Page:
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BBC unveils 2020 vision after iPlayer rejig

ETF: The BBC is changing its approach to commissioning new programmes in line with the tweaks being made to the iPlayer in reaction to rapidly changing viewing habits.

Charlotte Moore

Charlotte Moore, director of BBC content, told delegates at the Edinburgh Television Festival today that the public broadcaster is increasingly looking to commission programmes that will work across both linear channels and BBC iPlayer.

This comes after UK media regulator Ofcom approved the BBC’s move to extend the availability of new shows on its VoD platform to 12 months, with some titles to be available for longer.

Holding on to programmes online for longer will allow viewers who hear about shows via word of mouth to see them, Moore said, adding that this is often beneficial to a programme’s commercial value in secondary windows and international.

The BBC is increasingly seeing its audiences watch via iPlayer than linear TV and as a result is seeing an increasing percentage of audiences coming from viewing in the days after the first transmission.

For example, new drama Mrs Wilson grew by 112% from its overnight audience of 4.6 million to a 28-day four-screen figure of nine million.

In reaction to this, the BBC will make content available for longer on iPlayer as well as bring back previous seasons when new episodes of a programme air and make more use of content from the BBC’s archive.

Moore allayed concerns about the iPlayer changes impinging on producers’ rights to hold on to their own shows under the terms of trade, although this drew a frosty response from John McVay, head of producers’ association Pact, who Tweeted live from the session.

Moore today unveiled numerous commissions, saying they will be “a great offer for audiences however they consume them.”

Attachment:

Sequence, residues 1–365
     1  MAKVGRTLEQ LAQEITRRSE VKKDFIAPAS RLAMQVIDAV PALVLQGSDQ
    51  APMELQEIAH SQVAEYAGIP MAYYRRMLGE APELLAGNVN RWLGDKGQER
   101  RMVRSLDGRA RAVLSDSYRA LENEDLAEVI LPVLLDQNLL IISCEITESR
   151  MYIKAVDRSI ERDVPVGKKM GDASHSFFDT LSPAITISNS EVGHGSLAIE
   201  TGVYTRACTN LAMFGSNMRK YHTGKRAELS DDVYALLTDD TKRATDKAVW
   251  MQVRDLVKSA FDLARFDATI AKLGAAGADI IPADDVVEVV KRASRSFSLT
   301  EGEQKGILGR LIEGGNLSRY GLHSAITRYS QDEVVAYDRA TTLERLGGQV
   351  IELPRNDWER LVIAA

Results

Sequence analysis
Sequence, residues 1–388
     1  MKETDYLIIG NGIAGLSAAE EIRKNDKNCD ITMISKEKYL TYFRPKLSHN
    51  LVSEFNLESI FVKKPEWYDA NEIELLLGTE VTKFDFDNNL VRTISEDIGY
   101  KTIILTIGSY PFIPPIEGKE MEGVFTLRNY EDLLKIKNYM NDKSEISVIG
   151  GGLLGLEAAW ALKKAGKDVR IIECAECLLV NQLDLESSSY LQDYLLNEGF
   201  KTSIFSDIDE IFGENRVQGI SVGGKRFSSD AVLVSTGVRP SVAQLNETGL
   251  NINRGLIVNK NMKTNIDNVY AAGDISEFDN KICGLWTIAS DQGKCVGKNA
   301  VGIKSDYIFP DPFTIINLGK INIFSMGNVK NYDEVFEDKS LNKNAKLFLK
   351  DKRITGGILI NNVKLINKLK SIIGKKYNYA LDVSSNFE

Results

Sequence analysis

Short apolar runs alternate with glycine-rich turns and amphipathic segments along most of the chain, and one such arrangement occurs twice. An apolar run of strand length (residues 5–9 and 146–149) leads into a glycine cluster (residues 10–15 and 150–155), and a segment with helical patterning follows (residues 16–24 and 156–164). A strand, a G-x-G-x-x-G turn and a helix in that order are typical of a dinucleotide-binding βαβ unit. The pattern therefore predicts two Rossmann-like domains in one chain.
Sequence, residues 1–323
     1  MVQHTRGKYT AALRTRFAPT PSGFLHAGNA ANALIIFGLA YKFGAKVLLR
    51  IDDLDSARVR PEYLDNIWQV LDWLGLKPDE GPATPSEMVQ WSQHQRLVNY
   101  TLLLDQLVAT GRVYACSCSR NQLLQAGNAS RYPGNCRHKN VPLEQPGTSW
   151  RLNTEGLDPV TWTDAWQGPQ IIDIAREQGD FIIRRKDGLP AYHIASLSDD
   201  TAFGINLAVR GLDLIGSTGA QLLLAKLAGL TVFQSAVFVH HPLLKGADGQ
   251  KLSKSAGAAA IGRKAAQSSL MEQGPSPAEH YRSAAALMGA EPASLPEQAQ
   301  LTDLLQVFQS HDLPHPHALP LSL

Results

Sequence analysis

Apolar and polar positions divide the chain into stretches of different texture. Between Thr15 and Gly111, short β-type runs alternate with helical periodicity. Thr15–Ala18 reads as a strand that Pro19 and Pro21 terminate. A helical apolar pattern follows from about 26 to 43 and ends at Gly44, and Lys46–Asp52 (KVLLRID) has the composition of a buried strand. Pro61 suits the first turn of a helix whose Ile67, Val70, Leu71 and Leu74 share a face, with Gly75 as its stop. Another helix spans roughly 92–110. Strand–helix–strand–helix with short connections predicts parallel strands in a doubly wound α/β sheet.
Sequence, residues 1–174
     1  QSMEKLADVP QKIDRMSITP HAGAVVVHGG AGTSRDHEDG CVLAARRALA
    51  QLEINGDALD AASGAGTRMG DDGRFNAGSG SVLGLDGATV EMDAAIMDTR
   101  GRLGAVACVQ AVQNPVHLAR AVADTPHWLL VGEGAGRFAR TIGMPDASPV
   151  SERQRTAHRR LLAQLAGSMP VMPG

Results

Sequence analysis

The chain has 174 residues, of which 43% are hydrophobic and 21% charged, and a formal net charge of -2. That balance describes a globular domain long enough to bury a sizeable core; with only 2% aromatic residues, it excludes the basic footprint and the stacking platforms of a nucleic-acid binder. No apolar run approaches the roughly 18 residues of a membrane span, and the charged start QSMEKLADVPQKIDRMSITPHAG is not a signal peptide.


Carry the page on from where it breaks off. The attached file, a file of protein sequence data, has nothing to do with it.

These include Inside Man, a four-part miniseries produced by Hartswood Films for BBC1 and written by Steven Moffat (Dracula, Sherlock, Doctor Who), about a prisoner on death row in the US and a woman trapped in a cellar under an English vicarage who cross paths. It will go into production in late 2020.

Ridley Road (4×60′), meanwhile, comes from Sarah Solemani (Barry, Aphrodite Fry) and tells the story of one brave young woman’s fight against the rise of fascism on the cusp of the ‘swinging Sixties.’

Described as a thriller inspired by true events, it will be produced by StudioCanal-owned Red Production Company and executive producer Nicola Shindler (Years & Years, Happy Valley, Trust Me, Safe) for BBC1.

When It Happens To You is a Studio Lambert production for BBC1 and comes after the prodco made Three Girls, the multi-award-winning account of the grooming scandal in the UK town of Rochdale.

It will see its writer, Gwyneth Hughes (Doing Money, Vanity Fair), explore the emotive issues around abortion in Northern Ireland and the experience of families and their loved ones whose lives have been profoundly affected by it.

Meanwhile, new comedy Bumps (1×30′), produced by Kudos and written by Lucy Montgomery and Rhys Thomas for BBC1, will follow the challenges faced by a 63-year-old divorcee with two grown-up kids who decides to have a third baby. Unbeknownst to her it happens to be at the same time her 40-year-old daughter discovers she is expecting her first child.

In factual, BBC1 has commissioned A Royal Road to Wembley: Tackling Mental Health (1×60′), a documentary made by Goalhanger Films focusing on men’s mental health through the prism of football, with access to HRH The Duke of Cambridge over the course of a year.

Following the impact of Climate Change: The Facts, the BBC will explore the huge number of species of plants and animals which face extinction and the impact of this loss on the planet and humanity.

Presented by Sir David Attenborough and made by BBC Studios’ science unit, Extinction: The Facts (1×60′) is part of the BBC’s ongoing Our Planet Matters season, which focuses on major environmental and sustainability issues.



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